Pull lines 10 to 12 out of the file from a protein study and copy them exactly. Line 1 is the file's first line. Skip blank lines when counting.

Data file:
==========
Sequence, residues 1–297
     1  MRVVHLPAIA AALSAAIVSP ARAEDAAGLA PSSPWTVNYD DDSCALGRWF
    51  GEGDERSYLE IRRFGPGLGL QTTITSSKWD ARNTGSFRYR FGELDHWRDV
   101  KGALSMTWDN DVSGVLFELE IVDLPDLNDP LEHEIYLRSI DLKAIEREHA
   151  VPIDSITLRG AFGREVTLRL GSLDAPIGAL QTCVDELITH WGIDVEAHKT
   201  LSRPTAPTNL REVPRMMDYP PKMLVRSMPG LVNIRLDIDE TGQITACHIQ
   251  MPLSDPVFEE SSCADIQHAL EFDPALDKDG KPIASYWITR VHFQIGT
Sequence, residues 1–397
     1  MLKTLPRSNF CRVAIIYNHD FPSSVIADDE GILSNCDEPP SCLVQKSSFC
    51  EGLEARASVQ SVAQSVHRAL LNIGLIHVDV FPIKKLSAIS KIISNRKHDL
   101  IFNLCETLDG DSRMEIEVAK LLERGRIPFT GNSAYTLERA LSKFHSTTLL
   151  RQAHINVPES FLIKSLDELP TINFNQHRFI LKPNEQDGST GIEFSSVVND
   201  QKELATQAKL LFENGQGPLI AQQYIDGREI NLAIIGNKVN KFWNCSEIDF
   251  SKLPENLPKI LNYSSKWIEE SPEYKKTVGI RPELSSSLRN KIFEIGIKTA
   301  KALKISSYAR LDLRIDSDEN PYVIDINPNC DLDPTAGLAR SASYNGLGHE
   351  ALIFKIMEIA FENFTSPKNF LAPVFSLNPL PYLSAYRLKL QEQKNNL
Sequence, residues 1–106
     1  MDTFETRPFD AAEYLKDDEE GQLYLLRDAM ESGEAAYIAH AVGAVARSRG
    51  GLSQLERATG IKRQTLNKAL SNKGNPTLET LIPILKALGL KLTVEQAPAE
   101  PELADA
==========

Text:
    51  EGLEARASVQ SVAQSVHRAL LNIGLIHVDV FPIKKLSAIS KIISNRKHDL
   101  IFNLCETLDG DSRMEIEVAK LLERGRIPFT GNSAYTLERA LSKFHSTTLL
   151  RQAHINVPES FLIKSLDELP TINFNQHRFI LKPNEQDGST GIEFSSVVND